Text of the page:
On a former visit to this place, in 1912, my son-Edwin Sowter-now of the 38th Batt. Royal Ottawas-discovered an Indian fire-place, containing fragments of pottery, on the sand dune facing the main river, about fifty yards from the easterly end of the ridge. This turned out to be one of the outlying fire-places of a prehistoric Indian village.
In 1914, in company with my son Tom, I again camped at this point. Nothing was found on the bay side, but along the river, or lake front, for about a quarter of a mile, we collected a considerable quantity of broken pottery, broken flint, a few arrowheads, musket and pistol flints, a badly rusted knife, apparently of French make, some trade bullets, and a couple of pieces of badly corroded iron or steel, each resembling a toy tobacco pipe with a straight stem about two inches in length with an egg-shaped bowl bent away from the stem at an angle of forty-five degrees, or, a quarter note in music, with a very thick stem to it. I find that these pieces of metal are of about the same size and shape as parts of the hand and wrist guards of an old sword in my possession-an heirloom of the eighteenth century.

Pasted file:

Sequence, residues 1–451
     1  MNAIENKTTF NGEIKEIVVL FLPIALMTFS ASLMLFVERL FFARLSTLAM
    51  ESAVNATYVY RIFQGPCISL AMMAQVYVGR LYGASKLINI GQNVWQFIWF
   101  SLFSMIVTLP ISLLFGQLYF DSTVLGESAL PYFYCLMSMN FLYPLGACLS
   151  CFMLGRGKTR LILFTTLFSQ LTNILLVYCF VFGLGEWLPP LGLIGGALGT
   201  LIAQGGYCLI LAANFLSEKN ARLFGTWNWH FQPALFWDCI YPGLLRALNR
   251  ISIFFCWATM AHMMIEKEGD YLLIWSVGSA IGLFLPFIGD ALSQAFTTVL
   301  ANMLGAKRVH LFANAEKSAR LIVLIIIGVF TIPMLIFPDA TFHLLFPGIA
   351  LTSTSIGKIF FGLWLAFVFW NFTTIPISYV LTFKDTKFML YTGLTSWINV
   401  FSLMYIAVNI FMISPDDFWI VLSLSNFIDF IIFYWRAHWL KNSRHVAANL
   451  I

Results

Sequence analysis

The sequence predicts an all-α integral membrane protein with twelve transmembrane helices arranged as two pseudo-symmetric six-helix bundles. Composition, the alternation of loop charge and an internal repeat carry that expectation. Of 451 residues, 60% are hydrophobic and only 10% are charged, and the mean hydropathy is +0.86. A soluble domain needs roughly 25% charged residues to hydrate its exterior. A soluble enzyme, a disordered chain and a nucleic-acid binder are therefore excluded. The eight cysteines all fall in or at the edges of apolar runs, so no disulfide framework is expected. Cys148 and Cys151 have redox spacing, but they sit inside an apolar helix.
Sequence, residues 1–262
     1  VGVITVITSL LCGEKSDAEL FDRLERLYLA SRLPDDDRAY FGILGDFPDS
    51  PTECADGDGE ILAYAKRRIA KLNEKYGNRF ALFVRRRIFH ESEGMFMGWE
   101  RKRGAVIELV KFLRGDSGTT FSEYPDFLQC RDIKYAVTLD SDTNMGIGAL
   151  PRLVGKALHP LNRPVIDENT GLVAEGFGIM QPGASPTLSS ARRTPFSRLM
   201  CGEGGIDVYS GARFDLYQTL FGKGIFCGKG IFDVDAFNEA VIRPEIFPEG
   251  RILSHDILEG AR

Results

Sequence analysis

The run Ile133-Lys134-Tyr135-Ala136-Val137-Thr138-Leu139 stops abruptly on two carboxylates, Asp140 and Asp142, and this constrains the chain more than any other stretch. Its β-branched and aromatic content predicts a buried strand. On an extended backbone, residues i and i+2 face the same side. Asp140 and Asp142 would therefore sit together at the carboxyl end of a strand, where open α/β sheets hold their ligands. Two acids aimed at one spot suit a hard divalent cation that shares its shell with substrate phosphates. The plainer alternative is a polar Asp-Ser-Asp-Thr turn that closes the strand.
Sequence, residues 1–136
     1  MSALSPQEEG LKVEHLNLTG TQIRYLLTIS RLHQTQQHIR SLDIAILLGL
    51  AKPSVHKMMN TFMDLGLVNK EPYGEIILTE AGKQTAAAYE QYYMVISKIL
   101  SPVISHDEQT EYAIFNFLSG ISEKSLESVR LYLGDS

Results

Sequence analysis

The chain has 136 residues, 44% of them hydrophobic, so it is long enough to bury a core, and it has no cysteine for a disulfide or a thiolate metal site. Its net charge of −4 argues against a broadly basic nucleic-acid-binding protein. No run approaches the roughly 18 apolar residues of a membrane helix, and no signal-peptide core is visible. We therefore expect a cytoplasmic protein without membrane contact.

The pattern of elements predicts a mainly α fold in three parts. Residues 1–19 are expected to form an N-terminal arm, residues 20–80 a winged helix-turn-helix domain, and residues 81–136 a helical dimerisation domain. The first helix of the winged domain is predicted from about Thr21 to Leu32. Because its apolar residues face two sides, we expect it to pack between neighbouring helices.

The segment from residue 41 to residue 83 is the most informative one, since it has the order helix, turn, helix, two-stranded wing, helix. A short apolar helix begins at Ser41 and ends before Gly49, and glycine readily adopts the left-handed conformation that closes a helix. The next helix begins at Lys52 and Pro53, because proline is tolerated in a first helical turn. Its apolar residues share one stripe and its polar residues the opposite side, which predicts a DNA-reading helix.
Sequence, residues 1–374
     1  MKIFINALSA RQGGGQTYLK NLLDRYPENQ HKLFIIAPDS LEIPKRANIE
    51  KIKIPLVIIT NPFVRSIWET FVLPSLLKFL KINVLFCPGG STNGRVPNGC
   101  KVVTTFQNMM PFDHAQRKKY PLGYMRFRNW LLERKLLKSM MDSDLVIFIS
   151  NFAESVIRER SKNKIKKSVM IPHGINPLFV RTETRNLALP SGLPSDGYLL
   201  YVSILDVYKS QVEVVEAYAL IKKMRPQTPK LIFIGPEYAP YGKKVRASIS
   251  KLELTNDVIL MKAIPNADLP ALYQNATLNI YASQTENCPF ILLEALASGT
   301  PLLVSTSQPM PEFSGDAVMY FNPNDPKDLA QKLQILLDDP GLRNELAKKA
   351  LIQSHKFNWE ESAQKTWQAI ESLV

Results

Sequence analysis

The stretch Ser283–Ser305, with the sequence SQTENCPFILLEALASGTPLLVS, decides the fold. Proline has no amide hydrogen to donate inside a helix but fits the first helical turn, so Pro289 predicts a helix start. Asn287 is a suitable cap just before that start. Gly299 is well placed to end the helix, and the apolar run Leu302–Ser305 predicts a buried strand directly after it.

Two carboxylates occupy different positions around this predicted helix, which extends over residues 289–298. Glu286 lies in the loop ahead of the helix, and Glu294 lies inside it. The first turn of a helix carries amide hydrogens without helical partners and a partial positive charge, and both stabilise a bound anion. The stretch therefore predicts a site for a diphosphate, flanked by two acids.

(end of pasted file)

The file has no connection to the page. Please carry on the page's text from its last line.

It may be mentioned here, that some years ago, at a point about two miles or more down the river, beyond Pointe à la Bataille, in the bush back from the shore, Mr. Jacob Smith, of the Interior Department at Ottawa, kicked up what looked like an old-fashioned sword, rather badkly decayed with rust. Mr. Smith presented the blade to Lt.-Col. A.L. Jarvis, I.S.O., Assistant Deputy-Minister of Agriculture, who kindly allowed me to inspect the ancient weapon and take measurements. We